Dear readers, tonight with me is a master distiller from 17th century Ireland, here to tell us about whiskey, harps, and faeries.
Tell us a little about where you grew up. What was it like there?
I was born in the west of Ireland in 1688. My family moved to Dublin when I was a lad. My father was a coachman to Doctor Delany of that city. Dublin was a peaceful enough place in those days despite the bitter fighting taking place elsewhere in country. It took many years for things to calm down after the Dutch invasion in 1689. I was very fortunate to grow up in a quiet city amongst level-headed folk.
I’m deeply grateful for these happy childhood memories but I also feel blessed to be rescued from the blandness of it all. A man could die of boredom in such a place.
Any cherished memories?
My most cherished memories are of the music. Dr. Delany was a patron of the arts and I was often employed to serve at the great parties he put on. It was through him I first met the master harp player, Turlough O’Carolan. And it was Dr. Delany who recommended me to the great man as a servant and helper. Master O’Carolan was a travelling musician but he was also blind, you see. So, he needed a reliable man to guide him, to lead his horse and to carry his harp.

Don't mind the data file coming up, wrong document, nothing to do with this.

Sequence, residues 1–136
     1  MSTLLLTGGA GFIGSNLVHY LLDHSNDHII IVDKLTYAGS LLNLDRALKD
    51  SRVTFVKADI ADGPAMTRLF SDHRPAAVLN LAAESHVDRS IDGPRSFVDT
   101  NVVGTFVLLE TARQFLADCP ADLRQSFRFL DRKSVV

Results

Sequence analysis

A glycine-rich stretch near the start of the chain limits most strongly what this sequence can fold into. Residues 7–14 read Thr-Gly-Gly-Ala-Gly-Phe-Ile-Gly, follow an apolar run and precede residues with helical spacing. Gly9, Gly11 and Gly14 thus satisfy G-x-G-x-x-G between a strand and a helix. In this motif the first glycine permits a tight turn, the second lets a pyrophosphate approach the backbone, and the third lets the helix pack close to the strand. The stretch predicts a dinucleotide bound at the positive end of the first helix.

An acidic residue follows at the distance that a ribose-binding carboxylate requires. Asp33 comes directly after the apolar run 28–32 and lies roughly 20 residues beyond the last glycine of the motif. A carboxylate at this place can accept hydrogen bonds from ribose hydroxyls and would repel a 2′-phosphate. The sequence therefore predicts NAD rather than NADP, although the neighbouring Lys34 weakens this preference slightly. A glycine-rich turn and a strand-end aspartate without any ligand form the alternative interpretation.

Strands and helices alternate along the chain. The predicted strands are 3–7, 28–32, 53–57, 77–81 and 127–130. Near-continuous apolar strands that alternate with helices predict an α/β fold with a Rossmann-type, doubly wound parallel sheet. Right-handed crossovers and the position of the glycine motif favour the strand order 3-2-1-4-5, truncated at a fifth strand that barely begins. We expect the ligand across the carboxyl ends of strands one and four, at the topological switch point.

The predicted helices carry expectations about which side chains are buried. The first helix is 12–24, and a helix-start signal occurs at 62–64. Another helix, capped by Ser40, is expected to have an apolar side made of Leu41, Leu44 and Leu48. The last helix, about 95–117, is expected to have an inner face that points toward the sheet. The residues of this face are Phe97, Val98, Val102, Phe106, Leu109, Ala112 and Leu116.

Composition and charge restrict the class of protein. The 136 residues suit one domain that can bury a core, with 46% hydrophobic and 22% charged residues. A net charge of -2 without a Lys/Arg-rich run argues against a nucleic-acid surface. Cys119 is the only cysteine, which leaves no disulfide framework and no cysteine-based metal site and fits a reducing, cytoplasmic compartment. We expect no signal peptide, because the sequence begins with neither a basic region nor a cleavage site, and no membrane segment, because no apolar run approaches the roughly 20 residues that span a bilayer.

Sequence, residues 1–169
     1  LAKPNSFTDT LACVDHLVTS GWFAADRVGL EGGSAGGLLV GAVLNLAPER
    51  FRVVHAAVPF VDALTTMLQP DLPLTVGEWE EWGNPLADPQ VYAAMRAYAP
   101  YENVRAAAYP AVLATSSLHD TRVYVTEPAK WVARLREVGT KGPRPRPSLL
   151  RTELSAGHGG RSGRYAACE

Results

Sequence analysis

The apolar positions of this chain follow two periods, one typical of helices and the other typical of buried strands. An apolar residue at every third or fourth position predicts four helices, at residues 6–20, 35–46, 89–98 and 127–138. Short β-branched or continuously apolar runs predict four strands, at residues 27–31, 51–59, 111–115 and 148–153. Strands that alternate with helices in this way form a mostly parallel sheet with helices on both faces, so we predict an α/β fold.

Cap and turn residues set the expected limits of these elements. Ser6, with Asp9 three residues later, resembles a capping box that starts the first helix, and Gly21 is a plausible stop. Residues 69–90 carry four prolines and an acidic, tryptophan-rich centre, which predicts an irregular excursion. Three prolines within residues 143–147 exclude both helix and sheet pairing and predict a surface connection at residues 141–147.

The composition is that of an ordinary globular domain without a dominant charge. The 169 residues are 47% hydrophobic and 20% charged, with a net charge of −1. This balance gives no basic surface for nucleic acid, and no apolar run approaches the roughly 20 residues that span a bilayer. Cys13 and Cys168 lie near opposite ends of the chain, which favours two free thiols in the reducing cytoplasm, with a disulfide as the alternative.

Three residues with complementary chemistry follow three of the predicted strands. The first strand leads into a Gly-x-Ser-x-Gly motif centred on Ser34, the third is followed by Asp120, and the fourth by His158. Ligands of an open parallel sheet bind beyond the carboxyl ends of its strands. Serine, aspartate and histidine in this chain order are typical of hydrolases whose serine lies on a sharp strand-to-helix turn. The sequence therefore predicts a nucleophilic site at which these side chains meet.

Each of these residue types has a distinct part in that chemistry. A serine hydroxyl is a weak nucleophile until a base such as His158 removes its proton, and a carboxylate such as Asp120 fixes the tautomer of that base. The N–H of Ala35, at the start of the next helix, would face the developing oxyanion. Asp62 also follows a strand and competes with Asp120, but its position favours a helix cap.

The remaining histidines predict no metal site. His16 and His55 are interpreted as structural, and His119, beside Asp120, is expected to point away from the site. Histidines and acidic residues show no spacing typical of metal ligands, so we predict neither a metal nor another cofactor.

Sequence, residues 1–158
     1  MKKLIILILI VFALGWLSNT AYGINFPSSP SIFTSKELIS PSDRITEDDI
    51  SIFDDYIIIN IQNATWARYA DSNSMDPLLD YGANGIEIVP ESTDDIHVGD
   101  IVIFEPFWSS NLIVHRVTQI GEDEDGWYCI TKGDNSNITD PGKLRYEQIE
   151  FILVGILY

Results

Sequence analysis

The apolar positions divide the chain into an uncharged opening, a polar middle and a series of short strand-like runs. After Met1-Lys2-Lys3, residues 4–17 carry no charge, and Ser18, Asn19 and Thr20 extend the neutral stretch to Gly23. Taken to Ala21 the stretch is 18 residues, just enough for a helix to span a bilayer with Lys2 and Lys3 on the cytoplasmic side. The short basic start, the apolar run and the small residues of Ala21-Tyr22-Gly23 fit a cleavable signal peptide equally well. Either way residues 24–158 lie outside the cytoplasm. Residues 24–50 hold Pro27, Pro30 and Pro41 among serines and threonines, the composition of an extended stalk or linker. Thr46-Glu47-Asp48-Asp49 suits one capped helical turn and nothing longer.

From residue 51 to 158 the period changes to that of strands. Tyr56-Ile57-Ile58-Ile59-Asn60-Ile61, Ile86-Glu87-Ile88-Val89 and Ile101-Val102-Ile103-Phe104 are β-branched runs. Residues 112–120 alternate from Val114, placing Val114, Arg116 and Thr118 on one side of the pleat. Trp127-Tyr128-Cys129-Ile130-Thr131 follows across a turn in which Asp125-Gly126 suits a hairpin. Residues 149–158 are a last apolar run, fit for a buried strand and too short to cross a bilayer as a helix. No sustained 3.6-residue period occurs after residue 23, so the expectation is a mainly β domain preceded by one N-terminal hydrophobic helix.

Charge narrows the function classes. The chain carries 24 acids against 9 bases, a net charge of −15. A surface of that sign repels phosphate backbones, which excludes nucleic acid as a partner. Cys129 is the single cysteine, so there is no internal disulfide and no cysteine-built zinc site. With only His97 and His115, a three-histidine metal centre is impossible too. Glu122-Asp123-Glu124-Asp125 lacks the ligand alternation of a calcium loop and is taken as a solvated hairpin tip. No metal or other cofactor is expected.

Master O’Carolan was greatly loved for his talent at the harp, but he had a weak spot for the whiskey. It was a full-time job seeing to his needs and a great challenge keeping up with him too. However, his circle of friends included some of the leading people in Dublin society at the time. Dean Jonathan Swift was a personal friend. Signor Geminiani, the renowned violinist, was another close acquaintance.
What do you do now?
My master’s love of the whiskey led me to learn the art of distilling, if for no other reason than to save him some money and ensure I didn’t starve. Whenever he launched on a drinking binge I might not get paid for weeks. I’m now a master distiller and my wares are sold all over the country. Not legally of course. I have a series of connections with various officers and gentlemen who appreciate my craftsmanship. These days I’m confined a little. I’m a hundred years old. A mishap with the still a few years back, blinded me. Now I know how my master felt. I’m left to direct the family business and spend my time by the fire telling stories of the old days. Continue reading “Hugh Connor (of King of the Blind, by Caiseal Mor)”